The Reading With Hippos Book Club will be back in May by popular demand!
But first, I need your help choosing our next book.
Thanks to everyone who gave feedback after our first book club session in March. I'm glad reading a short story collection went well, but it sounds like you're all on board for a novel for our next title. And that's great news for me, because novels are my jam!
So I've put together a few options for us to choose from. I definitely heard you loud and clear on the page limit--I agree that shorter is better, at least while we're still getting started. (And on a personal note, reading a short book will be much easier on me, as I started a new full time job last week and as a result, the majority of my brain space for the foreseeable future is spoken for.) All the books except one are less than 350 pages.
In addition, all of these books have been out for at least a year, so they should be widely available at libraries, and many are in paperback.
(And yes, they're all by female authors, for which I refuse to apologize.)
Here are the choices, alphabetized by author's last name so as not to betray my own bias. ;)
Mercy Snow by Tiffany Baker (336 pgs)
In the tiny town of Titan Falls, New Hampshire, the paper mill dictates a quiet, steady rhythm of life. But one day a tragic bus accident sets two families on a course toward destruction, irrevocably altering the lives of everyone in their wake.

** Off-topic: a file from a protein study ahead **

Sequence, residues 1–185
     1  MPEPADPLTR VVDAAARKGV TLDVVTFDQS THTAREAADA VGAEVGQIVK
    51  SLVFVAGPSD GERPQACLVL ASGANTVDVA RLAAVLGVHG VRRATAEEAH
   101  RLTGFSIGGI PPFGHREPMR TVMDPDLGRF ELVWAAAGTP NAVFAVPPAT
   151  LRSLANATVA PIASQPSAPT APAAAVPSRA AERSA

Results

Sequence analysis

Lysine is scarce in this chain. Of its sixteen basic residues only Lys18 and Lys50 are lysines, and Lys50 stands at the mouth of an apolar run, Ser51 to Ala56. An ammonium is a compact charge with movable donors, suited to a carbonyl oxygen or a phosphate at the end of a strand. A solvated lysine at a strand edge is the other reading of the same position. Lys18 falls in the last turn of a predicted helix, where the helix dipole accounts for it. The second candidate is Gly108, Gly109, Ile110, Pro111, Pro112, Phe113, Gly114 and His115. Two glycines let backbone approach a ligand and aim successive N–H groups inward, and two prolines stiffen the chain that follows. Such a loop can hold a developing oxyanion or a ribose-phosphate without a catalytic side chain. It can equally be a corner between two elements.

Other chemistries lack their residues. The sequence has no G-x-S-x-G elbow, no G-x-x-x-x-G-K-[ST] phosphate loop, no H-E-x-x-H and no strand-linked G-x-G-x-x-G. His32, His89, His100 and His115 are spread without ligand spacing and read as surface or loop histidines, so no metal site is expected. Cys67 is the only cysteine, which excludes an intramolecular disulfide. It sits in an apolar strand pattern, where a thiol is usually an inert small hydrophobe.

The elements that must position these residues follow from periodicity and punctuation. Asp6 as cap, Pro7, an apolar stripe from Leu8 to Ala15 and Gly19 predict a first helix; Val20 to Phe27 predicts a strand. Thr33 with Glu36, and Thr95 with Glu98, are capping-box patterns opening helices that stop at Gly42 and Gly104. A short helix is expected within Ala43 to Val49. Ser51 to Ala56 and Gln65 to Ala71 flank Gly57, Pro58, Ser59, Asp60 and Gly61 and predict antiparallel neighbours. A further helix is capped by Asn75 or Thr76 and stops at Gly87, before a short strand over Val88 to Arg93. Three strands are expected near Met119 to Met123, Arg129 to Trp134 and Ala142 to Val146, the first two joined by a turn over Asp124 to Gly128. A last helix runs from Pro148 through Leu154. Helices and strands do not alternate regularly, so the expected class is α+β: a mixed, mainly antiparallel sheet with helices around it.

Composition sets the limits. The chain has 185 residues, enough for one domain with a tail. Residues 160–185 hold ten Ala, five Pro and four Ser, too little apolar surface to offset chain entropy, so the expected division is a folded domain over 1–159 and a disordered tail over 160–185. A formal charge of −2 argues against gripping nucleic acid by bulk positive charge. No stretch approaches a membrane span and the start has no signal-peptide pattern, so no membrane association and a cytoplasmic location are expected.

June McAllister is the wife of the local mill owner and undisputed first lady in town. But the Snow family, a group of itinerant ne'er-do-wells who live on a decrepit and cursed property, have brought her -- and the town -- nothing but grief.
June will do anything to cover up a dark secret she discovers after the crash, one that threatens to upend her picture-perfect life, even if it means driving the Snow family out of town. But she has never gone up against a force as fierce as the young Mercy Snow.
How to be a Good Wife by Emma Chapman (288 pgs)
Marta and Hector have been married for a long time. Through the good and bad; through raising a son and sending him off to life after university. So long, in fact, that Marta finds it difficult to remember her life before Hector. He has always taken care of her, and she has always done everything she can to be a good wife—as advised by a dog-eared manual given to her by Hector’s aloof mother on their wedding day.